The Week in Review

Pink iris with text: "The Week in Review"

The Week in Review

What I’ve Written

Photo of a pair of floral-embroidered Doc Martens boots. Caption reads: “Are my boots outrageous?”

Sunday: What Not to Wear

The internet is full of pointless, even sexist and ageist, advice, such as what women should and shouldn’t wear after a certain age.

Drawing: A person in a heavy deep-sea diving suit, in an undersea area with lots of life. There are three barrels, with one leaking something into the water, and large tentacles are wrapping around the diver. Caption reads: “I didn’t do this, I’m just part of the crew here to clean it up.”

Monday: Clean Up

A person, who is part of a team hired to clean up illegal ocean floor dumping, is in serious trouble.

Drawing: bat flying in front of the moon. Caption reads: Harry was on patrol, flying over the city.

Tuesday: Human

There’s been less vampire activity since the Countess left the city, but the Human Defence Unit is still on patrol.

Drawing: a red and white umbrella, with pouring rain. Caption reads: “Who will be your shelter?”

Wednesday: Shelter

Who will be your shelter
in the storms of life?
Drawing: jewelled and enamelled gold lamp. Caption reads: “Don’t rub the ugly lamp.”

Thursday: Genie

A lamp from a travelling exhibit causes a problem for a museum worker.

Photo: Princess, a seal-point rag doll cat, sitting in front of a window. Caption reads: “I like treats.”

Friday: Treats

Princess Cat likes her cat treats. Unfortunately, so does her doggy sister.

Drawing of a partly-built brick wall with a sign saying: "Under construction." Caption reads: "Work in progress."

Saturday: Family Lies Chapter 14: Insecurity

Hiring private security hasn’t worked out as planned

A Blast from the Past

Photo of a street in an English Village. Caption reads: “Using Midsomer Murders as source material, I can tell you everything about English village life.”

February 2022: The English Village

Everything I know about English villages, I learned by watching Midsomer Murders.

What I’ve Read (Reviews)

Child of Spring poem by Emma Grigg (E. J. Grigg Author) A delightful poem, taking the reader on a frolic with a little spring lamb.

The Big Squeeze by Nancy Richy (The Elphant’s Trunk) Nancy Richy minimises the sheer, agonising, crushing horror every woman knows as a mild “morbid fascination” at a boob being squashed between solid plates in an annual mammogram. It’s a story of anxiety, and relief, part of the world of women’s experience that’s usually hidden behind closed doors.

A Ghost Cuddler poem by Phil Lister (Listerlyrics) Some people have pets for emotional support. Some people have comfort blankets or pillows. How about a comfort ghost? Someone who is ethereal, but always there? Phil Lister writes about a ghost who is there to listen and give a comforting hug.

Battle Season poem by Dawn Benedict (Rhymes, Dreams, Fantasy and Thoughts) My life has been spent moving between places that are extremely hot and mildly hot. I’ve never seen snow. Reading Dawn Benedict’s poem, I can see and feel the springtime life beginning to emerge while snow still falls and winter refuses to die. I especially love the final verse, as monochrome gives way to colour.

Tyrannosaurus Rex had Lips Over its Teeth, Research Suggests by Nicola Davis (Guardian Australia). Jurassic Park had it wrong. Researchers have compared the mouth structures of Tyrannosaurus and modern reptiles, some of which have lips and some of which don’t, to come to the conclusion that T-Rex had thin scaly lips over their teeth. Of course, their lips were scaly, lip balm hadn’t been invented yet, and with those tiny arms they probably couldn’t reach to apply it if it had.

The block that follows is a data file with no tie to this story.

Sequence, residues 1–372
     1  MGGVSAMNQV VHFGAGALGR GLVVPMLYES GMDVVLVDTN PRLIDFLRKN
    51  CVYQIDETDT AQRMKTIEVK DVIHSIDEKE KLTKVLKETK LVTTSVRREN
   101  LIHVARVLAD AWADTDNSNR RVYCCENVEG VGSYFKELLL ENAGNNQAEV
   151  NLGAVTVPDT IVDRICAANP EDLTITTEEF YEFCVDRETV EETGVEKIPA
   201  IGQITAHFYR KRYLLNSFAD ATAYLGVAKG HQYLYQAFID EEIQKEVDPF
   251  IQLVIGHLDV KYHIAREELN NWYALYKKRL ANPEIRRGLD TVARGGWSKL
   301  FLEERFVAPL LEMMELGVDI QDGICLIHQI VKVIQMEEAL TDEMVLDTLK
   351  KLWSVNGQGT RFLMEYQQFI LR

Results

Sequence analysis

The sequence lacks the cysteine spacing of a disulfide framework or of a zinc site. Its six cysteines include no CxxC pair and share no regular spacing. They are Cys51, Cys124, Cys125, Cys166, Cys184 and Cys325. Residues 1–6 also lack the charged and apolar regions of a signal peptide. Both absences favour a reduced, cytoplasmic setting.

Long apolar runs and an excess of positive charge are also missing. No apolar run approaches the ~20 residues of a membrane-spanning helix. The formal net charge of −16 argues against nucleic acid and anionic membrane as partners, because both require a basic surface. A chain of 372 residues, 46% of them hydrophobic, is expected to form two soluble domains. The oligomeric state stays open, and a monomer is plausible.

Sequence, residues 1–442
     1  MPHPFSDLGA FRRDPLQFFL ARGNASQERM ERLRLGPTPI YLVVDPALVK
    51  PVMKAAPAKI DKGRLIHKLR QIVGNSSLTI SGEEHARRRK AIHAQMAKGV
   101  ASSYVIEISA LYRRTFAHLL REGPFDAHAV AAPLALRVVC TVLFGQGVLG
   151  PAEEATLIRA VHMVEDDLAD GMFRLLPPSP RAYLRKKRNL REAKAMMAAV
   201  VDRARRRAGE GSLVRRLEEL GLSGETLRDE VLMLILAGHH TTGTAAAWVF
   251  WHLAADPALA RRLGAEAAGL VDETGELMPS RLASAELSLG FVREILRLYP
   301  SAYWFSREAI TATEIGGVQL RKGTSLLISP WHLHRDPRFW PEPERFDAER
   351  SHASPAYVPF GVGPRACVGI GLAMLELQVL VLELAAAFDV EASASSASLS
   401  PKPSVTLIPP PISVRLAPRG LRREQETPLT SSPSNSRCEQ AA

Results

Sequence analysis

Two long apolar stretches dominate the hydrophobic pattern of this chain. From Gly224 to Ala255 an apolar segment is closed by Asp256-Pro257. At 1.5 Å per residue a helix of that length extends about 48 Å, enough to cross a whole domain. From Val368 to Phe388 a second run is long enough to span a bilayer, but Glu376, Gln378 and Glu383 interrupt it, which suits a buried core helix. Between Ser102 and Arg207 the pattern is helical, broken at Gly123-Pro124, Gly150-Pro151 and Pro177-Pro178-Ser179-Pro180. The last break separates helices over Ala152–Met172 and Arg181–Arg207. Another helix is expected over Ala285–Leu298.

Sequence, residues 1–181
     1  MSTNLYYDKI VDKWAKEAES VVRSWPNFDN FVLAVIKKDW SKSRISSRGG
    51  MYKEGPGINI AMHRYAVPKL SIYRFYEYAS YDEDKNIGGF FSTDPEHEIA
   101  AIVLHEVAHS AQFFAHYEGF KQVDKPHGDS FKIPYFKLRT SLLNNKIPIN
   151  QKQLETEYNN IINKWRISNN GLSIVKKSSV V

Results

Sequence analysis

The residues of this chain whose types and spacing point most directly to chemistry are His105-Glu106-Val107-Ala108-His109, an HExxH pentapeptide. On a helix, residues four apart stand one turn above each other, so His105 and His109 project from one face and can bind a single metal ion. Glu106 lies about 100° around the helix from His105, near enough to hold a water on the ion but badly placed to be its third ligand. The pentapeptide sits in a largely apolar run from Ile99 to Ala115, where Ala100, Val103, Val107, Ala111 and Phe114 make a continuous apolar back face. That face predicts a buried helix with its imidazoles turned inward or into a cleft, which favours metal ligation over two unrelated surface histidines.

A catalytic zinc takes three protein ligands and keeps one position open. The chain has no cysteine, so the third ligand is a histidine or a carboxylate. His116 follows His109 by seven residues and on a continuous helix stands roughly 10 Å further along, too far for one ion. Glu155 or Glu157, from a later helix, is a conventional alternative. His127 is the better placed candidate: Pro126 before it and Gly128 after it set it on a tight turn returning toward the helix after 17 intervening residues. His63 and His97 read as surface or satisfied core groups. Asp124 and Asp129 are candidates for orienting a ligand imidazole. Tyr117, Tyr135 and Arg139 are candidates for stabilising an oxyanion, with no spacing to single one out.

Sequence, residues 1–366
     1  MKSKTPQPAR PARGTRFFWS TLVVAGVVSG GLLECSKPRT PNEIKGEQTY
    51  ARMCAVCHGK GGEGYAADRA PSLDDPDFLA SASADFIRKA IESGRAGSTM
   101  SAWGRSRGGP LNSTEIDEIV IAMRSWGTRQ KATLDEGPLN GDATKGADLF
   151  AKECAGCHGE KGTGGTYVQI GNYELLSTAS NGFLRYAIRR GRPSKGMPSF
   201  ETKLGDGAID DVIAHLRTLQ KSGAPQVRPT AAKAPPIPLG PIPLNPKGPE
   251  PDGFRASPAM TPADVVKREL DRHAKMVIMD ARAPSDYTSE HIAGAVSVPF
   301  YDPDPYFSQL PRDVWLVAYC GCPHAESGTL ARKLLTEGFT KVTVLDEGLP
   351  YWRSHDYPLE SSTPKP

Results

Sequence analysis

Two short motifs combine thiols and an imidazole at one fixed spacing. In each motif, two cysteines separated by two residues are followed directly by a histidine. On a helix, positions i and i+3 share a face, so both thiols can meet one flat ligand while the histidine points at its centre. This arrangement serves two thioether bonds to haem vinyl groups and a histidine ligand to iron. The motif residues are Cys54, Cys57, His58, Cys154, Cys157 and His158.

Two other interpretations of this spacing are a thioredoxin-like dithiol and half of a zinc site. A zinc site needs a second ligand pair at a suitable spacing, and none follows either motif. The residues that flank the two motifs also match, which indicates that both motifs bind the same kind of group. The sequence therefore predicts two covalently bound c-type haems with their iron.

If I read it and I like it, or find it interesting, it goes in here. I try to only include one item from any single author in a week (even if I loved a number of things they published), because otherwise the list would get over-long.

I don’t do paid reviews, but I do accept recommendations, and even review copies of books, so if you’d particularly like me to review something, tell me about it.

A Look at a Book

Cover of The Wallaby Detectives and the Tomato Sauce Mystery by Iris Carden. Features a watercolour of three wallabies in deerstalker hats, and cloaks, with magnifying glasses, looking at the ground.

The Wallaby Detectives and the Tomato Sauce Mystery

Maggie from Maggie’s Pie Shop is in a flap! The tomato sauce delivery has not arrived. This is a job for the world’s smartest detectives.

Reviews for The Wallaby Detectives and the Tomato Sauce Mystery

Fabulous fun book! The kids loved it, and it made me a bit homesick for Aus myself, with the Wallaby tales. When’s the next one out? – Patricia (Lulu)

While you’re here…

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Everything on this site is the product of human, not artificial, intelligence.


By Iris Carden

Iris Carden is an Australian indie author, mother, grandmother, and chronic illness patient. On good days, she writes. Because of the unpredictability of her health, she writes on an indie basis, not trying to meet deadlines. She lives on a disability support pension now, but her ultimate dream is to earn her own living from her writing.


    1. They’re probably not around any more, but I saw some Docs with red roses embroidered on them a couple of days ago. They change the embroidered ones all the time. You probably have to go to Doc Martens website to see what’s available now.

      Liked by 1 person

  1. Thank you so much for the kind words and share, Iris! I love your weekly round ups, you always find such fun stuff! Now I’m off to find my own ghost companion…

    Liked by 1 person

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